Bryce shot three episodes before being sacked. Clemens and Fennell were brought back to clean up the mess. (Only one of Bryce’s productions was broadcast, and even that only after Clemens and Fennell had extensively reworked it.)

steed-taraLinda Thorson stayed. I’ve always felt that her character of Tara King was hobbled by the writers at the start, rather than by any problem with Thorson’s acting abilities. Whereas Emma Peel had an independent backstory (pulled out of chemistry grad school to run her late father’s business empire, sold it for a fortune, married a test pilot) Tara King was introduced as a naive trainee secret agent, assigned to work for Steed as her first job after qualifying. Tara was supposedly besotted with Steed, in contrast to the ambiguous relationship between Steed and Peel, leaving less room for emotional complexity in the scenes. (I know, “emotional complexity”. Talking about The Avengers.)

It was only in the later Tara King episodes that the character developed Peel-like independence, but overall I still think that Thorson did a perfectly good job. I like her. After about thirty episodes, the money ran out again, meaning the end of the old Avengers.

Faster, Pussycat

babbageWhen a Linux system starts up, it calculates the processor speed. (I don’t know why. I can’t imagine timing loops going on in the kernel.)

In the early days of ‘mini’ computers, manufacturers invented the term “MIPS” — “million instructions per second” — for marketing purposes. “Or processor does more MIPS than yours, nyaah nyaah nyaah.”

Commentators pointed out that the number of instructions per second meant different things on different processors. One company’s machine could easily be faster doing real work than another’s which had a higher MIPS rating. One response was to try to compare speed to a specific standard, for example “VAX MIPS” after Digital Equipment Corporation’s VAX mini.

More cynical observers simply redefined MIPS to mean “meaningless indication of processor speed”.

Another feature of that heady period of computer innovation was the language. I don’t mean Pascal and Ada; I refer to the spoken language of nerds as documented in the “Hacker’s Dictionary“. There were useful terms. For example, software might not be working because it is “broken” — contains a bug — or it might not be working because it is “brain-damaged” — designed wrongly from the start.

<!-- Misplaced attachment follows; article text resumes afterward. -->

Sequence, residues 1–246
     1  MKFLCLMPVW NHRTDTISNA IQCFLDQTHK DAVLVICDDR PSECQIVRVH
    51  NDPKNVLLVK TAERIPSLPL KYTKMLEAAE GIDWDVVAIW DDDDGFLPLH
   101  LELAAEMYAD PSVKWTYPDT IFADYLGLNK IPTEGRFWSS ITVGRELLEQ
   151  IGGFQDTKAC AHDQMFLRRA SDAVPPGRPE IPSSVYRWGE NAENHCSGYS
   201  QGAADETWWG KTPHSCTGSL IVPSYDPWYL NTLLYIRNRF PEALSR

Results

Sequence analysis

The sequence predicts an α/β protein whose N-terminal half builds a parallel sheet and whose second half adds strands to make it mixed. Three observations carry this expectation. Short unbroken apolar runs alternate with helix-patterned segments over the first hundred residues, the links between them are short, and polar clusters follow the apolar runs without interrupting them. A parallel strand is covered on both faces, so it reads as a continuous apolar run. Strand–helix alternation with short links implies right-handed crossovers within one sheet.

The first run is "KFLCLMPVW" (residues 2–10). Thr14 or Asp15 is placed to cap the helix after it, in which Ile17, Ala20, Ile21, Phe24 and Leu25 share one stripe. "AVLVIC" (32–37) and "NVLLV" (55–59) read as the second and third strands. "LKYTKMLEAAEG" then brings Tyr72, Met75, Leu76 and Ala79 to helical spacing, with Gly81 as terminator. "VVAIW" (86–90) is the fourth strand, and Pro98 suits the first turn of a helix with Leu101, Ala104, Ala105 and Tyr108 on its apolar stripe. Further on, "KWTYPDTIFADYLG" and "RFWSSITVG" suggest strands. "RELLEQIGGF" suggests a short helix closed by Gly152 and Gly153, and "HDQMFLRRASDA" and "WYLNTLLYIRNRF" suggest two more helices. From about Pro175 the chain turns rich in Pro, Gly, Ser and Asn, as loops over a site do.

I still tend to use some of the words (in my head, at least), one of which is “bogus”. In normal English, it means counterfeit or fake, but in Hacker there’s a wider meaning, including useless or incorrect. “Man, your hashing algorithm is totally bogus.”

(I think I remember Bill and Ted using “bogus” in the Hacker sense. This and other Hacker terms leaked into Californian slacker culture. Excellent!)

The Linux indication of processor speed, printed out on startup, is “bogomips”.

(I’m trying to resurrect a tiny laptop I pulled out of a skip a number of years ago. A 300MHz Mobile Pentium MMX processor, coming in at 600.84 bogomips. In comparison, my everyday computer has two processor cores, each rated at 4991.12 bogomips.)

A Whiter Shade of Pale

I don’t much like Google’s data-slurping, and have set my default search engine to DuckDuckGo, but I’ve continued to use Google’s maps. (I do also use Openstreetmap, and even Bing Maps sometimes.)

But, maybe it’s my old eyes, but Google’s map colour scheme is now so washed out that I find it almost unusable. Road edges are light grey on a white background, for example. I’d imagine that someone who is genuinely vision-impaired would find the product totally useless.

firefox-google-maps

To check that the problem wasn’t with some “feature” of Firefox, I tried Chromium (the slightly-less snooping-enabled version of Google’s Chrome) but the maps looked the same. However, my internet searches revealed that there is a High Contrast extension for Chrome, and it works perfectly.

chromium-google-maps